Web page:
This transcript has been edited and condensed for clarity.

The following sentence doesn’t make any sense, but is actually true: A heat pump can turn 1 kilowatt-hour, or kWh, of electricity into up to 4 kWh of heat.

For the home heating and cooling technology known as the heat pump, this means big potential savings both for carbon emissions and for utility bills. Recently, I’ve been looking at two different questions: First, how good are heat pumps for the climate? And second, how much money do they save? 

The term heat pump is actually a little bit confusing. A heat pump is actually a super efficient heating and cooling machine. And the thing about a heat pump is that it doesn’t actually make heat — it moves it. 

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That sounds a bit weird, but this is how it works: If your house is too hot, a heat pump can basically take the heat from inside your house and put it outside. That’s exactly the same as an air conditioner. But if your house is too cold, a heat pump can also bring heat from outside into your house. And it can do that even if the outside air is really cold. 

The science here is a little bit complicated, but because a heat pump is moving heat, instead of creating it, it can reach efficiencies of 300 or 400 percent. A normal heating system, on the other hand, can only reach an efficiency of about 100 percent at best. Because of this efficiency superpower, heat pumps can actually save a whole bunch of greenhouse gases from spewing into the atmosphere.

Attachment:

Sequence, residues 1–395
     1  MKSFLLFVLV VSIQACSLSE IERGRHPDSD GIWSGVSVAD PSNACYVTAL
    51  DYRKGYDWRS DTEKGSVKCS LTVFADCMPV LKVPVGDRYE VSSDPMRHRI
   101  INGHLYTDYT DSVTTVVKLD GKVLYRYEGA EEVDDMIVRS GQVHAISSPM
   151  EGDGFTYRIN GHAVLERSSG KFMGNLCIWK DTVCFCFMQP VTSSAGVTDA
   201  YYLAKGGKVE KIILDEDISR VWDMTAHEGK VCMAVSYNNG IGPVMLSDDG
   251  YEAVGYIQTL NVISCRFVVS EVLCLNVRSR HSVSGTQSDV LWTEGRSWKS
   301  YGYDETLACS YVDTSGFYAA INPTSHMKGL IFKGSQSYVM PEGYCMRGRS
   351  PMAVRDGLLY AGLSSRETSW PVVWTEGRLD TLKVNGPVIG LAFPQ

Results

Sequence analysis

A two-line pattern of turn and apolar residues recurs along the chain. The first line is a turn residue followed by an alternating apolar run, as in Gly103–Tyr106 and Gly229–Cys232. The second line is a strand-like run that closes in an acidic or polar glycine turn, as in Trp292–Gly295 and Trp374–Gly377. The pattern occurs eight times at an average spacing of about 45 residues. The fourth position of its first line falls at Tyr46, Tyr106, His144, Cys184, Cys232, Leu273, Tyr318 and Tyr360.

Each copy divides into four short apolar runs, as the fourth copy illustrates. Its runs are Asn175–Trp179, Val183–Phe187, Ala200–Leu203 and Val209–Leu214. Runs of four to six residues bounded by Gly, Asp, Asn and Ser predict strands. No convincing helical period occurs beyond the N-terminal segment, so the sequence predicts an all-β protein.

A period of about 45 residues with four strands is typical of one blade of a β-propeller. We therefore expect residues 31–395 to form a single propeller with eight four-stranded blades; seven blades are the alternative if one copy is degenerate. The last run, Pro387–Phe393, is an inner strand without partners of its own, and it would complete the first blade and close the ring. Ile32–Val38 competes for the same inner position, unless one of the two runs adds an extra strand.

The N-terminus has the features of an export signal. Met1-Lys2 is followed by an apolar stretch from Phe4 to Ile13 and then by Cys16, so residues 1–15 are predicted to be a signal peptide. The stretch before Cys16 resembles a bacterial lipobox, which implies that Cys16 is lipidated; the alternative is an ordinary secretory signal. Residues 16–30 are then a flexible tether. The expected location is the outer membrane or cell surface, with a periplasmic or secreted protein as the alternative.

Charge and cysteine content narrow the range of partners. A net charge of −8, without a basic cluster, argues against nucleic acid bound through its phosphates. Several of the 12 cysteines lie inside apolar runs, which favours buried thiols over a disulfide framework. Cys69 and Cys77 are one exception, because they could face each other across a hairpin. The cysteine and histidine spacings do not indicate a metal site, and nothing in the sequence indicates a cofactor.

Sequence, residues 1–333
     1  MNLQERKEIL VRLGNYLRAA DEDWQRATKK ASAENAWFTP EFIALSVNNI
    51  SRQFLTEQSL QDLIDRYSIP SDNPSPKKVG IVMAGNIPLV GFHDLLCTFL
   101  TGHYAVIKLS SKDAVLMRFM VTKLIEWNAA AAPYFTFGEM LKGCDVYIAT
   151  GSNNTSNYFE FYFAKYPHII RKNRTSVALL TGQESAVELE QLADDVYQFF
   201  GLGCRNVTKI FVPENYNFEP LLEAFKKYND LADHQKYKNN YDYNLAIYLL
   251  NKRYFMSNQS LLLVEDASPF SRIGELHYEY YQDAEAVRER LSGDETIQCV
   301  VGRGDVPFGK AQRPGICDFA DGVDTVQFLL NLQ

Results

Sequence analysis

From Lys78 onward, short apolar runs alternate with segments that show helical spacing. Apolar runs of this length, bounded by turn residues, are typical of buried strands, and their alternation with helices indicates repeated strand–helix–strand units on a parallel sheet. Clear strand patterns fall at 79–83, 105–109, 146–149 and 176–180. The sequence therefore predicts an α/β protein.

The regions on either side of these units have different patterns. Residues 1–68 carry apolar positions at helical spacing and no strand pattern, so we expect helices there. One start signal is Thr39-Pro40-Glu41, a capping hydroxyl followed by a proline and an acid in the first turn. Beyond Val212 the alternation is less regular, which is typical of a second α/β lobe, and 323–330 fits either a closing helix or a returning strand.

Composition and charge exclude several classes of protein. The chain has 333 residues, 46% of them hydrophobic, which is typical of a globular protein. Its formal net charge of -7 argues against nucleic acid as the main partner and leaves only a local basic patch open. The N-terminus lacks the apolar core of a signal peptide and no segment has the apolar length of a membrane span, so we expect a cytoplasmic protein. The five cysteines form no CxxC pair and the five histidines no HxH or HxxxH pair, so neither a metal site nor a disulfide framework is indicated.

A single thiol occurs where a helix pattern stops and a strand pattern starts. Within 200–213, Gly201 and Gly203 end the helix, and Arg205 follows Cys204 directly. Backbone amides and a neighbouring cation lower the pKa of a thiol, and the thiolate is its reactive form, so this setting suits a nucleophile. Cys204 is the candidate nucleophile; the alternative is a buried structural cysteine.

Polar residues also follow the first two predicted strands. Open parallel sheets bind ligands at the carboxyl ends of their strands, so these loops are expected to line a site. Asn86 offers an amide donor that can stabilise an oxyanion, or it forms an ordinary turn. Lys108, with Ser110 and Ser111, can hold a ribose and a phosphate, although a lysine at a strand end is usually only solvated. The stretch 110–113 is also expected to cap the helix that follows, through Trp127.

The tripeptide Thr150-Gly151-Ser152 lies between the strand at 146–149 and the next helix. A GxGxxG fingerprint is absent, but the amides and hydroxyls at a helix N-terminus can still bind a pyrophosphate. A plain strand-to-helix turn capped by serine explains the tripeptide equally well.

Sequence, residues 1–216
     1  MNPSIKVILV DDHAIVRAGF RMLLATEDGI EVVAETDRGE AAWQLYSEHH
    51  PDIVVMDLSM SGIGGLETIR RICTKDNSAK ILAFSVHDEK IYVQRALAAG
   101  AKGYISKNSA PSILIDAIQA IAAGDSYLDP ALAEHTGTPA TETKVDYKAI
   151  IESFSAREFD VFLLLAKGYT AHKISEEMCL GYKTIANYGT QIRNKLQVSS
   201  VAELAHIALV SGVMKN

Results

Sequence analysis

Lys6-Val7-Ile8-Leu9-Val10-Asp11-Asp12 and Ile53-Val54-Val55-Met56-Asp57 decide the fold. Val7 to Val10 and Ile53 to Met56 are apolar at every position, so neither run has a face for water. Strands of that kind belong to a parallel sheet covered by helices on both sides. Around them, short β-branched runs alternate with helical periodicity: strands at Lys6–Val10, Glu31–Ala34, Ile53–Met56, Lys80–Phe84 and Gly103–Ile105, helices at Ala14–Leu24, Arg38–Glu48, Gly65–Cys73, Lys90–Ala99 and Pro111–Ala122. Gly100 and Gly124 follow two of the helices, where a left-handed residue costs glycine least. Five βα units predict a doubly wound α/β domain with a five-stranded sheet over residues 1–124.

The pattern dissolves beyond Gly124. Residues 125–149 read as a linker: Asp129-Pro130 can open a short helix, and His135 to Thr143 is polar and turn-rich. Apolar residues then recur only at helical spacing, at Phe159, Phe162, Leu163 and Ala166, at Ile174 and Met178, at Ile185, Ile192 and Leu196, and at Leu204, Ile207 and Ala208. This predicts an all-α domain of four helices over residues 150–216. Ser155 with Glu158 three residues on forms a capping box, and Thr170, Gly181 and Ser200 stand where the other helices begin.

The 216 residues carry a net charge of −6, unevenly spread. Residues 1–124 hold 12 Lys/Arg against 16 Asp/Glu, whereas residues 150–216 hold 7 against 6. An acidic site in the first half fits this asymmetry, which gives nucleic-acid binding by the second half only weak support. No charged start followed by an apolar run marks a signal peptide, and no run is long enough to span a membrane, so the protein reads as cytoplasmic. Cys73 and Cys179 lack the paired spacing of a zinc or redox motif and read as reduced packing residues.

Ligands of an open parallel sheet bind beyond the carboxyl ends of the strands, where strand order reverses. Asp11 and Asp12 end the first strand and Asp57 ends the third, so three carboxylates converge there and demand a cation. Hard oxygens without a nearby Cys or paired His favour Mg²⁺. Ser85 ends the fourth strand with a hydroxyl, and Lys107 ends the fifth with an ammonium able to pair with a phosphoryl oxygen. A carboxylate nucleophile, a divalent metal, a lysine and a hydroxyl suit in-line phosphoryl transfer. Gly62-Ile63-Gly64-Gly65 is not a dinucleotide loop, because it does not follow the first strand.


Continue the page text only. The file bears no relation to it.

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According to the energy research group Carbon Switch, switching to a heat pump can save you anywhere from about 1 metric ton to about 7 metric tons of carbon emissions every single year. The carbon savings are the most dramatic if you have an old electric baseboard heater: In that case, you can save over 7 metric tons of carbon dioxide every year by switching to a heat pump.

For reference, if you went vegan for an entire year, you’d be saving about 1 metric ton of CO2-equivalent. If you skipped an international flight to Europe, you’d be saving a ton of CO2. But in this case, you don’t actually have to give up meat or your international travel plans to save carbon. You’re just ensuring a pleasant year-round environment.  

But let’s be real: Being a homeowner is expensive, and retrofitting your home heating system is often super expensive. So even with all these carbon- and climate-saving benefits, does switching to a heat pump make sense financially?